The Devil Wears Prada (2006)

PG-13   |    |  Comedy, Drama


The Devil Wears Prada (2006) Poster

A smart but sensible new graduate lands a job as an assistant to Miranda Priestly, the demanding editor-in-chief of a high fashion magazine.

TIP
Add this title to your Watchlist
Save movies and shows to keep track of what you want to watch.

6.9/10
333,987

Videos


Photos

  • Anne Hathaway and Adrian Grenier in The Devil Wears Prada (2006)
  • Andrea Bowen at an event for The Devil Wears Prada (2006)
  • The Devil Wears Prada (2006)
  • Emily Blunt in The Devil Wears Prada (2006)
  • Allison Janney at an event for The Devil Wears Prada (2006)
  • The Devil Wears Prada (2006)

See all photos

More of What You Love

Find what you're looking for even quicker with the IMDb app on your smartphone or tablet.

Get the IMDb app

Emily Blunt Through the Years

Take a look back at the career of Emily Blunt on and off the big screen.

See more Emily

Reviews & Commentary

Add a Review


User Reviews


4 October 2009 | classicalsteve
8
| Move Over Henry VIII, Louis XIV, and Napoleon: Mirander Priestly is Here -- Realistic Exposé of the Feudal-like Realm of the Madison Ave Fashion Scene
We in the United States like to believe that we reside in a country without royalty and nobility. The only people who think that there is true egalitarianism have never worked in the Entertainment and Media Industries. There is an aristocratic elite, no question, and it is not exactly made up of politicians (although there are some). It is largely composed of those who control media, particularly in television, film, radio, music, fashion, and print. They control what get's seen and what doesn't. When these people put on huge events that involve the press, cameras, and limousines, the public comes out to pay unquestioned homage to these elites, often on the sideline behind a barricade. With cameras flashing, these people are treated like the royalty of the 17th and 18th centuries. "The Devil Wears Prada" examines what is like to be in the inner circle of one of these elites.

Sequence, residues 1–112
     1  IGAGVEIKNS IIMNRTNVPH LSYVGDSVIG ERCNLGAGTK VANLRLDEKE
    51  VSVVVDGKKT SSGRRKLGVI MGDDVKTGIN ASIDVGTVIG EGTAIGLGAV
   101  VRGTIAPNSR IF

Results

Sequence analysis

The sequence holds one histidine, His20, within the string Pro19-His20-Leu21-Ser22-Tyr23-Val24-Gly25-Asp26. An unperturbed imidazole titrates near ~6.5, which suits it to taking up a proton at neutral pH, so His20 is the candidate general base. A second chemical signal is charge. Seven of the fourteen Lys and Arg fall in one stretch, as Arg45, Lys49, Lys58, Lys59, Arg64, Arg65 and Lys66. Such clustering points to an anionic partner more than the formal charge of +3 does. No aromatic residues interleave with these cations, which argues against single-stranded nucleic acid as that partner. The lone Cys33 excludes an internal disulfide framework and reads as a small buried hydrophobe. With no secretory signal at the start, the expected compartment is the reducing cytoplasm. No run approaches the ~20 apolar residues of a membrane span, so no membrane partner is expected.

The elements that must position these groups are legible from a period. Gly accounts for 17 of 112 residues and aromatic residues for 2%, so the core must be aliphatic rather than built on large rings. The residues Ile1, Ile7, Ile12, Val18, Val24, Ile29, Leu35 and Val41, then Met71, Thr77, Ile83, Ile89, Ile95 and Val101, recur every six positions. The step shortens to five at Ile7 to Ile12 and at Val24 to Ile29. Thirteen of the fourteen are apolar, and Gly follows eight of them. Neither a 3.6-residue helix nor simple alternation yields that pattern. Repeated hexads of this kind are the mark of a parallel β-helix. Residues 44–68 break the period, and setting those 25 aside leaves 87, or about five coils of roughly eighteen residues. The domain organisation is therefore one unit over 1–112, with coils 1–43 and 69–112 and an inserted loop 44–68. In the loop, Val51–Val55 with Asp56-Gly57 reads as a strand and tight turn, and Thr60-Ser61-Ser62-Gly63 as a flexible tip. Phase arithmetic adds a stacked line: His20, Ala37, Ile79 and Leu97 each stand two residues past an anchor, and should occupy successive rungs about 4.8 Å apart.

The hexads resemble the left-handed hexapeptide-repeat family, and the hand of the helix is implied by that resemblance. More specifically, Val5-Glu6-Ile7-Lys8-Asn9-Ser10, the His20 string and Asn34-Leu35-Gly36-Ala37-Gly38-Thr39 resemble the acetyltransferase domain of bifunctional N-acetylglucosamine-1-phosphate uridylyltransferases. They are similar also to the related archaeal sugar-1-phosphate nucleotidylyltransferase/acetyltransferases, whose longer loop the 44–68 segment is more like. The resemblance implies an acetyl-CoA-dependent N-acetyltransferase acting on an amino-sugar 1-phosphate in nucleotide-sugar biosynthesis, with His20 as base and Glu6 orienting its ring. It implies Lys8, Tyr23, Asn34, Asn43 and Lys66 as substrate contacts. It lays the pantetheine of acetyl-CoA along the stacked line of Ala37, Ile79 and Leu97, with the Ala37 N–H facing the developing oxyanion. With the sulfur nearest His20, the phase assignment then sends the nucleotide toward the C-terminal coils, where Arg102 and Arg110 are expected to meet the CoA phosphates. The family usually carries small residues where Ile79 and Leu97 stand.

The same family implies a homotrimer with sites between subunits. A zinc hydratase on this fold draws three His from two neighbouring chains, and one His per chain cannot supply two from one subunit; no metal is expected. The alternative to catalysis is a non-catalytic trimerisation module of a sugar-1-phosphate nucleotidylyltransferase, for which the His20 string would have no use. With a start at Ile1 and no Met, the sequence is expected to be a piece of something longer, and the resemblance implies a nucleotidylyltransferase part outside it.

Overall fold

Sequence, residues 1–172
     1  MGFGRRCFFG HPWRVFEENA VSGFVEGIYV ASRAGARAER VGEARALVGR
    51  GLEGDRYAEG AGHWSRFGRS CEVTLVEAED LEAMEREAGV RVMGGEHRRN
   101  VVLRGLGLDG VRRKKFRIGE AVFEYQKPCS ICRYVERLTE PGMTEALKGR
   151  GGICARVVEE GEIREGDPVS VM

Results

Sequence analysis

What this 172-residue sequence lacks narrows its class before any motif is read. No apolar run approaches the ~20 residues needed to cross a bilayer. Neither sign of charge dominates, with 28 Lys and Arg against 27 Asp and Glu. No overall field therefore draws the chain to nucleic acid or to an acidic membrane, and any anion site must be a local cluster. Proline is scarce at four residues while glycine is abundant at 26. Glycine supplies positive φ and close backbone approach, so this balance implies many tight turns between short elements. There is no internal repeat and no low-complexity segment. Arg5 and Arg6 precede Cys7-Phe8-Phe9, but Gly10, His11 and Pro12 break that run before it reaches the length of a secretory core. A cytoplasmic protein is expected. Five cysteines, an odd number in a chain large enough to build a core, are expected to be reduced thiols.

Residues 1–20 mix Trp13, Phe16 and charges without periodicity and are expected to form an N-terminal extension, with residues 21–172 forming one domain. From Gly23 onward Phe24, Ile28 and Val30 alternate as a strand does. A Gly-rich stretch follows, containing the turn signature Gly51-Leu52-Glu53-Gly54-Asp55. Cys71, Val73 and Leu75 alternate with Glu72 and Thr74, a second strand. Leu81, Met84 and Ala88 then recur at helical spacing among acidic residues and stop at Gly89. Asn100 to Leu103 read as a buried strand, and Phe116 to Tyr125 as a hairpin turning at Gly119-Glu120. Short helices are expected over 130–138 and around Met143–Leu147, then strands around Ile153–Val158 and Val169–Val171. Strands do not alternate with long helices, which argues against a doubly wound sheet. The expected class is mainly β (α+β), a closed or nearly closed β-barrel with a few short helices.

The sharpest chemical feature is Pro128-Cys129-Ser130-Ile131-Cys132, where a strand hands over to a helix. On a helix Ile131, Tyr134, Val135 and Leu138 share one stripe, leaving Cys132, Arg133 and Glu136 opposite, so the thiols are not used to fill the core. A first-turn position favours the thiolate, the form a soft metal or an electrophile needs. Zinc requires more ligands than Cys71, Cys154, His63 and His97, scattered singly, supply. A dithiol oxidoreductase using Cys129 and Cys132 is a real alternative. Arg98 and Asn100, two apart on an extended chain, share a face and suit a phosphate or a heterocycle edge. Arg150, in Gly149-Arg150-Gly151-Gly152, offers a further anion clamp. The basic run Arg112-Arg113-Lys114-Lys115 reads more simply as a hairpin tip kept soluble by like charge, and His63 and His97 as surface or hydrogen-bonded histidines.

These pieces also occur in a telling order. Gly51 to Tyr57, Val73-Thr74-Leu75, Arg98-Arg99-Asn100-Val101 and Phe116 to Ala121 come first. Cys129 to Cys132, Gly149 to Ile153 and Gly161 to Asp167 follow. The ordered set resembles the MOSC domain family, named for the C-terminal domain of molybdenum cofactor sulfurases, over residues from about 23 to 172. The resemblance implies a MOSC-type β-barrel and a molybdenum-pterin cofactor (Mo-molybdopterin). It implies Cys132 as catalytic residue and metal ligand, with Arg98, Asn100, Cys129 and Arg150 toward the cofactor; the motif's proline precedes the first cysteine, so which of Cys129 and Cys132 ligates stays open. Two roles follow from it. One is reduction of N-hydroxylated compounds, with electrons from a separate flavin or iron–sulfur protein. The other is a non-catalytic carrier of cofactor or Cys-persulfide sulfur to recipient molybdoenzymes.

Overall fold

In addition to the public's clamoring to glimpse these powerful elites, another segment of the population desires to become one of these people by trying to "break into" the media business. Since there are many more people who dream of being in these circles than there are spots available, this gives enormous power to those already on the inside, particularly those who have sway to either make or break an up-and-coming career. "The Devil Wears Prada" chronicles an aspiring journalist who lands a dream job that, she is told, "thousands would kill for": being the personal assistant to the editor of one of the largest fashion magazines, Runway, whose editor-in-chief makes Bill Gates seem like a softy. The character, Miranda Priestly (played by Meryl Streep in a tour-de-force Oscar-nominated performance) is in fact modeled after real-life Vogue Magazine editor Anna Wintour whose chilling detachment from those around her, her ability to make or break fashion careers, and her cut-throat demands on her staff have become legendary throughout the fashion world.